Tuesday, March 31, 2009

Vicarious baking

My oven has been broken for a few weeks now and I'm going into baking withdrawl.

So instead of a hit of the good stuff, I will have to be satisfied with showing off my aprons as a kind of vicarious baking.

Here's my number one workhorse apron, given to me by the lovely Jaja as a housewarming/welcome home to Philly present. The full coverage and sentimental value means that this one gets the most use.



This hilarious one I got at an estate sale in New Jersey a few years ago. I never use this in the kitchen, it makes me think of sexy housewives cooking in nothing but high heels. Plus, stuff would go right through it.



A tried and true fifties apron, stolen from my parents' house. I think this belonged to my grandma (Mom, correct me if I'm wrong).



One of my favorites, bought at a thrift store in Pennsylvania during college.



A lovely, too-good to use apron, given to me as a going away present by my friend Sarah in Davis.



A Christmas present from my friend Metthea. It's reversible, and those "mittens" on the side? Potholders!



This is where my aprons live, right where I can most easily access them in the entrance to the kitchen.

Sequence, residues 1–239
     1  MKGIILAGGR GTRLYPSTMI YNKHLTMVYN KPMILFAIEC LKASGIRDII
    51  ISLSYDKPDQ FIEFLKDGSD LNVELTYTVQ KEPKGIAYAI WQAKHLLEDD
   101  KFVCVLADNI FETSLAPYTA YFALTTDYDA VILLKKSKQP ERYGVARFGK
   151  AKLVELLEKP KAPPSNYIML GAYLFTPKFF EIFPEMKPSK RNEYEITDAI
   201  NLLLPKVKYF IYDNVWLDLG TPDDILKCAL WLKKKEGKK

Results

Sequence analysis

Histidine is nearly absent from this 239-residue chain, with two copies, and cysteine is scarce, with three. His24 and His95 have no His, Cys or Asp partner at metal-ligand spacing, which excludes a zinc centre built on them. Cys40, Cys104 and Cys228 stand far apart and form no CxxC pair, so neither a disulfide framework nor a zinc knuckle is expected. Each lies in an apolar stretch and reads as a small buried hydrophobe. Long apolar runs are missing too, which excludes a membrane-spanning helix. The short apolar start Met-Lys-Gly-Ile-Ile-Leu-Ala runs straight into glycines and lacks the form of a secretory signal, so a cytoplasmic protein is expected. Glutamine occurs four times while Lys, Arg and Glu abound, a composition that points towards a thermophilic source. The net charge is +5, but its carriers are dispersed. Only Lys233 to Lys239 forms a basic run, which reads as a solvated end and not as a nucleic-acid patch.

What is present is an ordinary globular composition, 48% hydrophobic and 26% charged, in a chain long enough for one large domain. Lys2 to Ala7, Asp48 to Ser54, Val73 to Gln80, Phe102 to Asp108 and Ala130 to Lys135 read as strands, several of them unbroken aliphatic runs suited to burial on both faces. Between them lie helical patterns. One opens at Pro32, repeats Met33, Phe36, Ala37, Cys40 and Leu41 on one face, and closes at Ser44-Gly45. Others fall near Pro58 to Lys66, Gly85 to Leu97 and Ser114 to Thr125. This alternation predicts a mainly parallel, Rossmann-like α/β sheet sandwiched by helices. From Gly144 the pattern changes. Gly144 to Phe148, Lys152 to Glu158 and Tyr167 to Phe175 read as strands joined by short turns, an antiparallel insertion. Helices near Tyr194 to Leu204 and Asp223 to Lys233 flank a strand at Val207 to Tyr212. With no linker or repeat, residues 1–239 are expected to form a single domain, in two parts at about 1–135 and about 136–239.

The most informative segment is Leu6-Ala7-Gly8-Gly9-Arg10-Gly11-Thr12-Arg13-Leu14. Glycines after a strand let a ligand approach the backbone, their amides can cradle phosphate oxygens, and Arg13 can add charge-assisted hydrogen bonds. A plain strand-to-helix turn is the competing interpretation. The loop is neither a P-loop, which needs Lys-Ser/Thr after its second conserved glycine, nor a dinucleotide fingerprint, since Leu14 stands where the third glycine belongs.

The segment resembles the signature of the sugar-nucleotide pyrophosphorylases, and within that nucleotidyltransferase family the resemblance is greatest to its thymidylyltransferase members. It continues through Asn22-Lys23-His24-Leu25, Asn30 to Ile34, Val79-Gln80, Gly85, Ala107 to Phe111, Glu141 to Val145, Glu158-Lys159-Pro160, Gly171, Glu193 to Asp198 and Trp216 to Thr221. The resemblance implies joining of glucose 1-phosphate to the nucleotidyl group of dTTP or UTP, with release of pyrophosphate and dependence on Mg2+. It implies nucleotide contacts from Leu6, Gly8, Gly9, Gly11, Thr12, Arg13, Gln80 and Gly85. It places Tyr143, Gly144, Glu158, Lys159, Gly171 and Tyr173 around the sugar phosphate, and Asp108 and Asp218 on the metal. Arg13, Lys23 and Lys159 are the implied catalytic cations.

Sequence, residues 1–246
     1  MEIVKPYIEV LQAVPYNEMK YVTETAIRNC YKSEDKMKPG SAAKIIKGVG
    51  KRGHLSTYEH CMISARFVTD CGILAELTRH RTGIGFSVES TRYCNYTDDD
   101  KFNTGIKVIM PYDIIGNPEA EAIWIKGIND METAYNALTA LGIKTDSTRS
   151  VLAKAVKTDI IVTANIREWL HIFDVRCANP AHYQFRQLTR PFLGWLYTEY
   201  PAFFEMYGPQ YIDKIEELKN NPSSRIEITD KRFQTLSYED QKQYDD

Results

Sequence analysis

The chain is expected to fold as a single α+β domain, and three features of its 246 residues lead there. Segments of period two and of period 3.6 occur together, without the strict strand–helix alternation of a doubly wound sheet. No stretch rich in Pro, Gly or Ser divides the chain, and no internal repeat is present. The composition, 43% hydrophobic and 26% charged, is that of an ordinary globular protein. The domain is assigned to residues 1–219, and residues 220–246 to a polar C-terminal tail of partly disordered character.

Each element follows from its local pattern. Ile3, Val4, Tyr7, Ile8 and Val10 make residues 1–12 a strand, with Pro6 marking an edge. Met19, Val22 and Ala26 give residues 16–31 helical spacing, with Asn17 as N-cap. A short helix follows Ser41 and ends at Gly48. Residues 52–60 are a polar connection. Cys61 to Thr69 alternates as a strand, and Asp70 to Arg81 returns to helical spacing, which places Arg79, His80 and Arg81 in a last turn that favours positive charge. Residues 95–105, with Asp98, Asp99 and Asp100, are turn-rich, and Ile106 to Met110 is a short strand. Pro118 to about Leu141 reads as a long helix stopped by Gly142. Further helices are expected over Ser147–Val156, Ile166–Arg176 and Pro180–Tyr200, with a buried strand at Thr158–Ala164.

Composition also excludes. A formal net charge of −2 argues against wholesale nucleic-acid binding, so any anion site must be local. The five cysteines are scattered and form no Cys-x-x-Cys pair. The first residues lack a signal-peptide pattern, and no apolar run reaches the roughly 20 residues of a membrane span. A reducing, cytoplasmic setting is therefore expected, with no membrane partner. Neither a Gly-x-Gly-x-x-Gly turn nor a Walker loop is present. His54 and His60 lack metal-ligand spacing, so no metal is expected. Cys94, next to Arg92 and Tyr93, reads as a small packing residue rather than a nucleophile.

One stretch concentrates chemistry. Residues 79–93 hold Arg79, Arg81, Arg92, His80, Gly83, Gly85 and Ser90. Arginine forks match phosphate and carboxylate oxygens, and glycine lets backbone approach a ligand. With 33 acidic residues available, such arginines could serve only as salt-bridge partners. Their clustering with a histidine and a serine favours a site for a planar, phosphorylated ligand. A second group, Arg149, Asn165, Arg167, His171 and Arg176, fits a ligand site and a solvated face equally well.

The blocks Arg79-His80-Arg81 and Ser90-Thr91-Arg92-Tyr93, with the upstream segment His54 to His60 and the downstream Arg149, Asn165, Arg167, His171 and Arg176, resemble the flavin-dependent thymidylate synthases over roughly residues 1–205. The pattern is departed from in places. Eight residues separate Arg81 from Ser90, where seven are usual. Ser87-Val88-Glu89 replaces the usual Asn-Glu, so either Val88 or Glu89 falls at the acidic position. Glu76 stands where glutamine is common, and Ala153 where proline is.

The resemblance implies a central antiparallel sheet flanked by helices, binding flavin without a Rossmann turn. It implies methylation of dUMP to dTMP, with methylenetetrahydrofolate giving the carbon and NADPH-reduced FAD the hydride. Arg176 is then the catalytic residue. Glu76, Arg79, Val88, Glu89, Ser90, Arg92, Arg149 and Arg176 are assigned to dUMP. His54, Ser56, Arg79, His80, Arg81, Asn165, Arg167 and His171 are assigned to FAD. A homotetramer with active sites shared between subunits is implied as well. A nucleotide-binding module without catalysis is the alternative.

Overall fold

On a separate note, thanks for all of the congratulations on the job! I'm pretty excited about all the things I have cooking right now (wordplay!) and I hope to soon bring you all up to speed on the community garden project. Now go enjoy your working ovens and mail me some cookies, like Aunt Emmy always does.

Sunday, March 29, 2009

I did it!

I got a job in my field!

In April I will start my new job as an environmental educator at Bartram's Garden in West Philadelphia. It's the colonial estate of John Bartram, an explorer and botanist who was a contemporary of Ben Franklin. I've been volunteering there since December and I guess I succeeded in making myself indispensable (insert smirk and nail buff). But honestly, I'm very lucky. I love the people I will be working with and the lessons I will be teaching are so much fun (topics include butter-churning, bees, rivers and seeds!). And I can bike to work! Yippee!

The job is part-time, from 9am to 1pm, and I have something in the works for the afternoons (also in my field, keep your fingers crossed!).

The following pictures are from a visit M and I took to Bartram's Garden in the fall of 2006. The grounds of the estate include a restored house and barn, formal gardens, an amazing collection of trees, a wetland, and a unique stone cider press (below).




Thursday, March 26, 2009

Pretty in pink



This is just another little peek into my current life as a nanny. My last nanny post was about the two boys that I sit for occasionally, but as you can see we're dealing with girls here. And these girls are no tom-boys.



A sunny afternoon in the bedroom. Fairy sheets and fuzzy pink telephones.



The carousel at the new Please Touch Museum!



Baby fat and dress-up clothes.

I love these girls but things are hopefully about to change in the work department for me. I'll know soon, so stay tuned!

Monday, March 23, 2009

Texadelphia

That's right, this exists in Austin:



It's some sort of food chain, I guess. Weird.

Other things that happened this weekend in Austin, Texas (they may or may not be in order of awesomeness, starting with the most).